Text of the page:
The new edition of the Massachusetts Legislature has been seated. Now, it is time to act, particularly on those matters approved by voters in the recent election.
The new Legislature includes returning Merrimack Valley senators Barry Finegold, D-Andover, and Bruce Tarr, R-Gloucester, whose district includes North Andover, Boxford, Groveland and Georgetown. Newcomer Kathleen O’Connor Ives, D-Newburyport, will also represent our region in the Senate.
On the House side, newly elected representatives Leonard Mirra, R-West Newbury, Diana DiZoglio, D-Methuen, and Frank Moran, D-Lawrence, take their seats along with local incumbents.
Their agenda in the days ahead will likely be a lively one, between new concerns over budgeting, revenue streams, local aid issues and other bills awaiting renewed action.
But there’s one item that should be at the top of lawmakers’ dance cards — and it shouldn’t take months of dancing around it either. It’s the expected tweaking and implementation of the new medical marijuana law that gained voters’ overwhelming approval at the polls in November.
The fact that medicinal marijuana gained the roaring approval of voters in every Massachusetts community except Lawrence and the small town of Mendon speaks to the level of support it has. And while that goes against the grain of public safety officials — and frankly, against our endorsement as well — this is a time when lawmakers need to recognize the will of the voters and give it their priority.
Despite the referendum’s broad approval, there is much work to be done — largely in determining how and from where the now-legal marijuana, with valid prescriptions, will be distributed. The referendum calls for 35 such “dispensaries,” with at least one and no more than five in each county. Yet some communities – notably nearby Peabody and Danvers – are already digging in their heels against the citing of any such facilities there, while most other cities and towns, including Haverhill and Lawrence, are discussing what limits they can set on the locations of dispensaries.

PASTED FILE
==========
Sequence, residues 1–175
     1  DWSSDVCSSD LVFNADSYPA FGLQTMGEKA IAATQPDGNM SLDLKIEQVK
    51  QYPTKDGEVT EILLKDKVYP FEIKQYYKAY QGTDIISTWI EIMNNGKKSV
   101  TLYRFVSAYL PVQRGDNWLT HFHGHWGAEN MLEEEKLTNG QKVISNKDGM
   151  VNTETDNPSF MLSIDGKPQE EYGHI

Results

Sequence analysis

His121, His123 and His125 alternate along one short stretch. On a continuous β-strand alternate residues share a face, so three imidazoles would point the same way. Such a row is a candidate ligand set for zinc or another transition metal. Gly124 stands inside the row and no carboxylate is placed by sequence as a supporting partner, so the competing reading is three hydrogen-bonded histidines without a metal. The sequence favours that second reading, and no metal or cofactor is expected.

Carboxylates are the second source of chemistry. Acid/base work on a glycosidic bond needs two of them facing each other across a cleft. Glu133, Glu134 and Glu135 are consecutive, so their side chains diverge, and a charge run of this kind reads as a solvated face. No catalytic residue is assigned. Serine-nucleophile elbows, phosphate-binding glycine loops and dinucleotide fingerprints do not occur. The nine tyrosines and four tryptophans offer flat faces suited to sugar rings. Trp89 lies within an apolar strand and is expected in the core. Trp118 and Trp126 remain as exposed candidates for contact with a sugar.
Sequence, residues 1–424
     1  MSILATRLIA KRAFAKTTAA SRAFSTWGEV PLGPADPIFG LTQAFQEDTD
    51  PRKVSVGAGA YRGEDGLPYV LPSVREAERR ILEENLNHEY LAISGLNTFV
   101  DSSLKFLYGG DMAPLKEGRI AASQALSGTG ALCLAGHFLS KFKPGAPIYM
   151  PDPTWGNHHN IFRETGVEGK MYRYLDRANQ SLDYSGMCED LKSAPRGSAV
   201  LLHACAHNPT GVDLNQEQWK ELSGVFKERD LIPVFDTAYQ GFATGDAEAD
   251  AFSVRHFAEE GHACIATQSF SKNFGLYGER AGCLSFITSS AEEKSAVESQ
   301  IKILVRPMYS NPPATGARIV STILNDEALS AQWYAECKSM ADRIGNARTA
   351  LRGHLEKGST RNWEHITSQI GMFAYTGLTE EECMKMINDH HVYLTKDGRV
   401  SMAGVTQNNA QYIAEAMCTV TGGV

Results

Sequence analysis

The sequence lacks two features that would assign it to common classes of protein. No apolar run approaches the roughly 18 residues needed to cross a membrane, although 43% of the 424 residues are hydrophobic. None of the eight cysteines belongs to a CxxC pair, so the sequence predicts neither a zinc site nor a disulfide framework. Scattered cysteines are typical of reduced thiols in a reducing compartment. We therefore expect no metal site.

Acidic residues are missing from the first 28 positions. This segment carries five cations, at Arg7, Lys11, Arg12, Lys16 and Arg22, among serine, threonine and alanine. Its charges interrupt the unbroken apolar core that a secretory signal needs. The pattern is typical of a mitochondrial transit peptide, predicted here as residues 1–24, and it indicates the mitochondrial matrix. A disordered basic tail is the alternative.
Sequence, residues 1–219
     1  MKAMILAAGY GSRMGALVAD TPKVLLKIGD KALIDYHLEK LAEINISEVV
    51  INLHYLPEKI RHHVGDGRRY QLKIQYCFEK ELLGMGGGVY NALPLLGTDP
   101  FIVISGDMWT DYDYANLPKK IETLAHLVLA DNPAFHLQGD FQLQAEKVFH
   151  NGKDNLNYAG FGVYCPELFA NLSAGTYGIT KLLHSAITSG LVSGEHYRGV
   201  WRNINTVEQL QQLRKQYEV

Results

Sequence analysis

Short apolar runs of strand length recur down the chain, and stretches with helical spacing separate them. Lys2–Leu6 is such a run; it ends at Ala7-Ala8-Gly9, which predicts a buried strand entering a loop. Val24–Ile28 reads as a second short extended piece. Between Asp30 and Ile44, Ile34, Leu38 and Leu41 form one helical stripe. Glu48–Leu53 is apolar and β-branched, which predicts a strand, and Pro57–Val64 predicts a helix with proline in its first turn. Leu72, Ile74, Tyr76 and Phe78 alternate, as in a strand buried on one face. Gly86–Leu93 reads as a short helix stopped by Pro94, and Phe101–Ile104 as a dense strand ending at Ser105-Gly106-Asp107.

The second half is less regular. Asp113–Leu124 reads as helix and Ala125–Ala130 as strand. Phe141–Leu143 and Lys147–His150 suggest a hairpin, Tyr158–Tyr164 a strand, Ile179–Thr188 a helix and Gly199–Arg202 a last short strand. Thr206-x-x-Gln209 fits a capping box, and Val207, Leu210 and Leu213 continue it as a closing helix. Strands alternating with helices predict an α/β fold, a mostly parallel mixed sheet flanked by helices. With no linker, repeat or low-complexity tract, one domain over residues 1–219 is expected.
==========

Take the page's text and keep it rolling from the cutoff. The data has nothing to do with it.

It seems that the ideal medical marijuana “dispensaries” would seem to be existing pharmacies, given that they already have security systems in place for dispensing and controlling all sorts of prescriptions as it is. But do the pharmaceutical shops want that responsibility? Should cities and towns set up specific zoning geared toward pot dispensaries? Should the state hold the licensing cards when it comes to citing and regulating such shops?
All of those are valid questions that need answers before this new voter-approved law can truly be implemented. And voters who so loudly gave it their approval should not be put on hold by lawmakers they also chose to carry out their wishes.
Too often, Massachusetts legislators have hemmed and hawed over implementing laws passed by voters through the initiative petition process. While this bill includes provisions that allow the Legislature to set the ground rules for giving patients access to marijuana, legislators should not use that power to delay the law’s implementation.
The new Legislature should put this law in the fast track – starting today.